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Randomised controlled trial.
Assessors blinded to treatment.
Follow up period:
Seattle, Washington, USA; January 2000 to May 2003.
138 adults with a mean age of 73 years (79% women). Participants had minor depression (51%) or dysthymia (49%) and a mean of 4.6 chronic medical ailments. 72% of participants also lived alone. People with major depression, bipolar disorder, psychosis, substance abuse, or cognitive impairment were excluded.
Participants were randomly assigned to usual care or the home based intervention: Program Encourage Active, Rewarding Lives for Seniors (PEARLS). PEARLS involved eight 50 minute problem solving treatment sessions with social and physical activities, over 19 weeks; these sessions were modified to increase social and physical activities. Physical activation began at session 3 or 4 and aimed to encourage regular moderate physical activity for at least 30 minutes, five days a week. Social activation aimed to increase participants’ interactions outside the home, with group activities encouraging peer support given highest priority. Each session included selecting pleasant activities to engage in before the next session (from a list of 250).
Improvement of depressive symptoms: Hopkins Symptom Checklist 20, (range 1–4, with 1.72 indicating major depression); improvement in health related quality of life (Functional Assessment of Cancer Therapy Scale-General).
Patient follow up:
92% at 12 months.
At 12 months, PEARLS significantly reduced depressive symptoms compared with usual care (50% or greater reduction in depressive symptoms: 43% v 15%; OR 5.21; 95% CI 2.01 to 13.49). PEARLS significantly increased complete remission compared with usual care (36% v 12%, OR 4.96; 95% CI 1.79 to 13.72). PEARLS significantly improved health related quality of life in the domains of functional wellbeing (p = 0.001) and emotional wellbeing (p = 0.048) compared with usual care. There were no significant differences between groups in social and physical wellbeing.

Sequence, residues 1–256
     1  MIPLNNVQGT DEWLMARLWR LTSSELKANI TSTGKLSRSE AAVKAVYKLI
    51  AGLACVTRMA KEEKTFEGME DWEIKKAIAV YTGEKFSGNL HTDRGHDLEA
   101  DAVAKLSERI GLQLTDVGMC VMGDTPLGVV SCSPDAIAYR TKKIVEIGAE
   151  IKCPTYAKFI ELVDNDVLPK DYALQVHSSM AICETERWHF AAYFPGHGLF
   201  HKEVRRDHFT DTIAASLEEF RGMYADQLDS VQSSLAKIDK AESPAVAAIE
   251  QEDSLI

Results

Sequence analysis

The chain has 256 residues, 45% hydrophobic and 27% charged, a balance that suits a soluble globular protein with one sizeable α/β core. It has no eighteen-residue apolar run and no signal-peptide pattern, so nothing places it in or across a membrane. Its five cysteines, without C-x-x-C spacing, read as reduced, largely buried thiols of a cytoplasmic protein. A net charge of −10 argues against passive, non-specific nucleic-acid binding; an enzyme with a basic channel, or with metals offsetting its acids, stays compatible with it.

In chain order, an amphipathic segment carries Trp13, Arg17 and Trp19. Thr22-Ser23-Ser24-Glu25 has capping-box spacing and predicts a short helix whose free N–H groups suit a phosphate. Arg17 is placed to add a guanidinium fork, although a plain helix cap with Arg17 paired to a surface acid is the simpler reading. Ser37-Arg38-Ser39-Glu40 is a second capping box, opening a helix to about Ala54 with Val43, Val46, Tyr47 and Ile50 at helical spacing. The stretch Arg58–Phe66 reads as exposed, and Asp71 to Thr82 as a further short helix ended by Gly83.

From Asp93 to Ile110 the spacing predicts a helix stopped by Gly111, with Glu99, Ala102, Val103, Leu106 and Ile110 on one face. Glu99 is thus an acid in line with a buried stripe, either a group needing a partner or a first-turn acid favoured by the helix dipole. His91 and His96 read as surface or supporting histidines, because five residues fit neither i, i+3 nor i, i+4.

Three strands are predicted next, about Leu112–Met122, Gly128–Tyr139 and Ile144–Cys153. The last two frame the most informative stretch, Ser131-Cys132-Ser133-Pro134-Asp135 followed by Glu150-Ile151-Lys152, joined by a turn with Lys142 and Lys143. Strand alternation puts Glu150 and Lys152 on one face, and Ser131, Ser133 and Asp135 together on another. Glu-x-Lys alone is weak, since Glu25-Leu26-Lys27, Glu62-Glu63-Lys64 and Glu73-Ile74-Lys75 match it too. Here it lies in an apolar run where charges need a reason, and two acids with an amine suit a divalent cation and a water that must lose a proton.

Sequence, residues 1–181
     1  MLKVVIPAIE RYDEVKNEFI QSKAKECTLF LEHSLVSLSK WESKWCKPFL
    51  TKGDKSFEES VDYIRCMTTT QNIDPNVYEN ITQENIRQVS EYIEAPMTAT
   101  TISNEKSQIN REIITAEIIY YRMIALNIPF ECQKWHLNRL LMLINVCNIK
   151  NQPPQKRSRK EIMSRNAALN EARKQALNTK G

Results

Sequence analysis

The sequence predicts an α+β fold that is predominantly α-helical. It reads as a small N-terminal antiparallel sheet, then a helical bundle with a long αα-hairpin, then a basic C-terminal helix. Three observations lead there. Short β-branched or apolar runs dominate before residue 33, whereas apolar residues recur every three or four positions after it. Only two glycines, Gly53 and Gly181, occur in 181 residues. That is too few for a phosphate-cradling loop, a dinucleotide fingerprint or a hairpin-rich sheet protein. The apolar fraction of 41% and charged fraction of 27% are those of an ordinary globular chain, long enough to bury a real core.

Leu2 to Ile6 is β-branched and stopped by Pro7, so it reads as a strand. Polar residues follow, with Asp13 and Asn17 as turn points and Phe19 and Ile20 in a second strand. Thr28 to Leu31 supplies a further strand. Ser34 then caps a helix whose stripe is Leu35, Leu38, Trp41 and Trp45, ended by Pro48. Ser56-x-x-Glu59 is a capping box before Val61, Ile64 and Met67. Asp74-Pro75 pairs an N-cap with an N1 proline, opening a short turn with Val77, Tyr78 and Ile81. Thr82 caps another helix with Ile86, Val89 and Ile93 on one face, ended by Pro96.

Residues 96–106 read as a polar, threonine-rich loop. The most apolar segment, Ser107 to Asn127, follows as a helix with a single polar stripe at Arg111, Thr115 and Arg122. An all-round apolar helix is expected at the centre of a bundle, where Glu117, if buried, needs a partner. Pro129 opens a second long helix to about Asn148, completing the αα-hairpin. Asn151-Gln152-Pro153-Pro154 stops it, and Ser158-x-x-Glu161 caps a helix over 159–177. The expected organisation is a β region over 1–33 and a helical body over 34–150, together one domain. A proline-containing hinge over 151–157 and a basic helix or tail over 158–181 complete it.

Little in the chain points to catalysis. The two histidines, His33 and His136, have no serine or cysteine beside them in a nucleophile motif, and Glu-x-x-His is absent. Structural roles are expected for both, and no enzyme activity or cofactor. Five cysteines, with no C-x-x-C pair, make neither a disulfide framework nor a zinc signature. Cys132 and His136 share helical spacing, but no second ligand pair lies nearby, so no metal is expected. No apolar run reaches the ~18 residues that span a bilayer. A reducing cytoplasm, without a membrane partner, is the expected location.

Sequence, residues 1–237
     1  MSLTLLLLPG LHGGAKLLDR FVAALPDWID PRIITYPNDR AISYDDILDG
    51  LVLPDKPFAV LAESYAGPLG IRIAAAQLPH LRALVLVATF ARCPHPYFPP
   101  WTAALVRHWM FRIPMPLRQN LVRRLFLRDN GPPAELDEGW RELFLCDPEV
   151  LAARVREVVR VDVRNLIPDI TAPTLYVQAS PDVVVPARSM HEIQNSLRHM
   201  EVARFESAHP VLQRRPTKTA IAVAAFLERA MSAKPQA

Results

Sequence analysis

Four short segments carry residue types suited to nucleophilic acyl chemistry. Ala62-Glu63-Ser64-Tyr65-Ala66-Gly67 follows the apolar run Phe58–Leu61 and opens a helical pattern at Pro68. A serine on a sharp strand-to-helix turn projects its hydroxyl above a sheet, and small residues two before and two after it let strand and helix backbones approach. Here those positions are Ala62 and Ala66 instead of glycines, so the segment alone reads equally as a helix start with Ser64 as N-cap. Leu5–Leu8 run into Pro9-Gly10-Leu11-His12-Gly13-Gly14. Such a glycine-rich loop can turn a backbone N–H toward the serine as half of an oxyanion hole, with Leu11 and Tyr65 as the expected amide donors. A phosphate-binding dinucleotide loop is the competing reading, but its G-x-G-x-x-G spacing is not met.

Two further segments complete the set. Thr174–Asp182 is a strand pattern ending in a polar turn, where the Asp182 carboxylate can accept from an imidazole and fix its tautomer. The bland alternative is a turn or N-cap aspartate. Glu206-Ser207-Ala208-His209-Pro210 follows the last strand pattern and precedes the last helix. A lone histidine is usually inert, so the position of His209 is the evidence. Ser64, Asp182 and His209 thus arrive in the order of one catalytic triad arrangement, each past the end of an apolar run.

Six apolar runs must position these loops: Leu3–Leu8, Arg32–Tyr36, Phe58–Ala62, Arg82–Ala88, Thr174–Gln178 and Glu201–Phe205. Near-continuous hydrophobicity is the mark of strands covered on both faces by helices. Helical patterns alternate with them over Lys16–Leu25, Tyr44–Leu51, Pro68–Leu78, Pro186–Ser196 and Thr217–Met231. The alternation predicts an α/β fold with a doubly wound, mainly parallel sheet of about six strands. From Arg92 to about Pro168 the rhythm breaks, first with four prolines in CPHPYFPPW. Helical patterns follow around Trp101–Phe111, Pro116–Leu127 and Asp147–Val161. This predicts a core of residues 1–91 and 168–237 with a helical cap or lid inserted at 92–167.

The PEARLS home based treatment significantly reduces symptoms of depression and improves health related quality of life for elderly people with minor depression and dysthymia.
After dementia, depression is the most common psychiatric disorder in the elderly and the two disorders are often comorbid. However, the under diagnosis of depressive syndromes and their inadequate treatment is endemic. Many explanations have been put forward in an attempt to understand the reasons for this state of affairs, such as an inadequate knowledge base, ageism, patient somatisation and difficulty in symptom attribution in the presence of medical illness. To make matters worse, there are a large number of people who have subsyndromal depressions (dysthymia and minor depression). There is very little that we know about the course and impact of these disorders. A four year study of Health Maintenance Organization (HMO) enrolees aged 65 years or older found persistent depressive symptoms to be common and was associated with higher healthcare costs.1 We know even less about the impact of pharmacological or non-pharmacological interventions in this population. In this context the paper by Ciechanowski et al adds to our evidence base. It gives us a method of identifying cases in the community with minor depression or dysthymia. It supports the benefits of a case management system and the efficacy of a psychosocial intervention. Case managers have been found in primary care settings to be effective in promoting patient adherence to medications.2,3 Adherence is an important issue because it has been shown that 20% of patients may not fill an initial prescription.4 Although the methods and interventions used in this study are not readily applicable to the individual practitioner’s office, it is something that HMOs and other large insurers should consider implementing since it has the potential to reduce their costs in the long run.
For correspondence: Paul Ciechanowski, Department of Psychiatry and Behavioural Sciences, University of Washington School of Medicine, NE Pacific, Seattle, WA 356560, USA;
Sources of funding: the Prevention Research Centers Program of the Centers for Disease Control and Prevention and University of Washington Health Promotion Research Center.
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